This problem is solved with such a data structure as a suffix automaton. Almost all AC solutions used the suffix automaton/tree data structure and had the following idea or someting very similar:
We have to build a suffix automaton on the given tree. If we have already built the suffix automaton on a tree, then the problem becomes quite standard:
Now, how to build the suffix automaton on a tree:
Let's see how some standard building algorithm works. We have some states, each state corresponds to some set of strings and all the strings in one state are actually suffixes of some string. In the building algo we try to add the letters one-by-one to the previous state e.g. when we add the i-th letter, we try to add it to the state that corresponds to the (i-1) first letters of the string. But as we can see, transitions from any state by some letter (when we append it to some state) don't depend on the transitions by other letters. So we can add not the only one (as in the standard algo), but several transitions from one state. Thus, to build the suffix automaton on a tree we only have to store the state that corresponds to the path from the root to the vertex. Then we can simply add a transition from the parent of some vertex to its son. The only (and obvious) requirement is that for every vertex before adding it we have to add its parent first. So, we have to "extend" our tree in a BFS or DFS order.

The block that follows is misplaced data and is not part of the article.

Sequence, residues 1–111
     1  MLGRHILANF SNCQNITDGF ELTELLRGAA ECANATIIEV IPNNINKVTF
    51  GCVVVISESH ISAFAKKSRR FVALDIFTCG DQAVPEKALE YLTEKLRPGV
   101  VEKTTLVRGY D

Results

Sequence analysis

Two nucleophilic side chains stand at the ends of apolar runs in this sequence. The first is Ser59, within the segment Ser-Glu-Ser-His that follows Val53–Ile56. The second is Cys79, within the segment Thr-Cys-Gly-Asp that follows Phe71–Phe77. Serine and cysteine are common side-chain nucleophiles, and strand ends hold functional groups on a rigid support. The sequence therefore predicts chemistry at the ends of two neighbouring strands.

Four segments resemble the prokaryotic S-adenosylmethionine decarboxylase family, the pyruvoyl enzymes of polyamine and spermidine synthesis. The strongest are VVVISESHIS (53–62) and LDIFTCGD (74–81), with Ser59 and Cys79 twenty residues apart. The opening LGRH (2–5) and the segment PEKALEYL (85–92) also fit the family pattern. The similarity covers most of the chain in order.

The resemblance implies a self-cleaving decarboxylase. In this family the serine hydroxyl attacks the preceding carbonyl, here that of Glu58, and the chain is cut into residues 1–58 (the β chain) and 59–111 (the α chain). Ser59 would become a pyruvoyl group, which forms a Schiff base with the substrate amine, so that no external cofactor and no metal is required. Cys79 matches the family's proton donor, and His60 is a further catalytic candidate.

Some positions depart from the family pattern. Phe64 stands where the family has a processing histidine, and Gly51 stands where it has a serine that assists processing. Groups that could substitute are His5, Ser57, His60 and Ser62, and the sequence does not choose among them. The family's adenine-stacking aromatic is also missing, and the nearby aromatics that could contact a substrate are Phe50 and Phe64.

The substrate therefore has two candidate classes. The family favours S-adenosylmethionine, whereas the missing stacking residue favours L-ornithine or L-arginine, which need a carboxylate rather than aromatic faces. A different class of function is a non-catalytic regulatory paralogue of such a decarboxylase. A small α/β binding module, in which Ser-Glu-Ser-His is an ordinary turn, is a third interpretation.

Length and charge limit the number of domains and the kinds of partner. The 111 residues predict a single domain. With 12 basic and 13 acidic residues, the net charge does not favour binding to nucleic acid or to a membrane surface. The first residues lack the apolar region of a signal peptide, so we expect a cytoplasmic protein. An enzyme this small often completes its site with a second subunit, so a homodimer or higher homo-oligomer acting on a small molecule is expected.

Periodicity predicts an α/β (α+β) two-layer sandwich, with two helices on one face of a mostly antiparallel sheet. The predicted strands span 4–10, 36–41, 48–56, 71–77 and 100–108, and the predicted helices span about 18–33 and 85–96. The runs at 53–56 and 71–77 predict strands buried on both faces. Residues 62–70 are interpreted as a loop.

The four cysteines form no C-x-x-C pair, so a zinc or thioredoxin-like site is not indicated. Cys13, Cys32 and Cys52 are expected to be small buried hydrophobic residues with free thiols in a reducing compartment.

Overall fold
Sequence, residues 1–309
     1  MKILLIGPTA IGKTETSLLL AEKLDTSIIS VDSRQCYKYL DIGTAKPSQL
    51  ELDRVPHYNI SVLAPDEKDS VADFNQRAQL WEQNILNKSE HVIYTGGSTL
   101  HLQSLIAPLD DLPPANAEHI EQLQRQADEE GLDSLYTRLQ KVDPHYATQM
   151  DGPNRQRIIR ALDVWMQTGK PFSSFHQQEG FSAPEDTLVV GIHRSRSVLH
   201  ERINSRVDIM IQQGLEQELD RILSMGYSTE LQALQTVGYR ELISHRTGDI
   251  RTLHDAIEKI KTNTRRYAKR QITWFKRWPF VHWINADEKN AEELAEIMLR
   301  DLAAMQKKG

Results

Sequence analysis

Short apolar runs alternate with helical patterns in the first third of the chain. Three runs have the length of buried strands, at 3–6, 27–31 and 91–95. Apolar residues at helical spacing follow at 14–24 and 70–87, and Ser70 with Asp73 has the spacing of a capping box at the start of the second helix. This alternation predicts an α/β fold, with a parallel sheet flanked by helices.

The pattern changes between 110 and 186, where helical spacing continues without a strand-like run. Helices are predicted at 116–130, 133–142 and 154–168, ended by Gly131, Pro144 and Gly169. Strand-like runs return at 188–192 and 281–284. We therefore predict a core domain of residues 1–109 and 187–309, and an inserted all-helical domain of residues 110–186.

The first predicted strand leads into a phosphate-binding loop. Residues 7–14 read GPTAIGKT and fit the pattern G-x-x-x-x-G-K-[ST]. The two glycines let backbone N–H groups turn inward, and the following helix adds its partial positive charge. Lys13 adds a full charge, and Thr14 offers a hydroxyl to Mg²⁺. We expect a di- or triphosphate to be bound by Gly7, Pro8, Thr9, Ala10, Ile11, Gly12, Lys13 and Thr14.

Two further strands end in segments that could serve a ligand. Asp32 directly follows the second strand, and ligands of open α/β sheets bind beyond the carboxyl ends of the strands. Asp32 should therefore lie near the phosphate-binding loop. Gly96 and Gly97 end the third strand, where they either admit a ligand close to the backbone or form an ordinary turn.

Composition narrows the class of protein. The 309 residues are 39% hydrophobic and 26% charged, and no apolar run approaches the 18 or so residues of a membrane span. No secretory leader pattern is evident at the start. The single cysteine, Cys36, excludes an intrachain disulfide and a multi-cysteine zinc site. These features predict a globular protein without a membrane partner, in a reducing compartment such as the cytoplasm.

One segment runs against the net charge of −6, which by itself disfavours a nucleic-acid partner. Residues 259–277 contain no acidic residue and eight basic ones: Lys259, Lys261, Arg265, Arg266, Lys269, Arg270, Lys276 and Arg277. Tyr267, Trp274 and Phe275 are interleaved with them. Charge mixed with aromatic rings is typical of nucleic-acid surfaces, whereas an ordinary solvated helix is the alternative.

The writer's implementation of such a solution worked for ~2 sec. on a single test case. There were a few solutions with another idea that produced correct answers but almost all of them got TLE during the contest. Generally, the TL was equal to 2*authors solution runtime.
Can be found here.
Can be found here.
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asked 12 Nov '12, 13:49
So, what is the complexity of this algorithm?..
answered 17 Jan '15, 18:05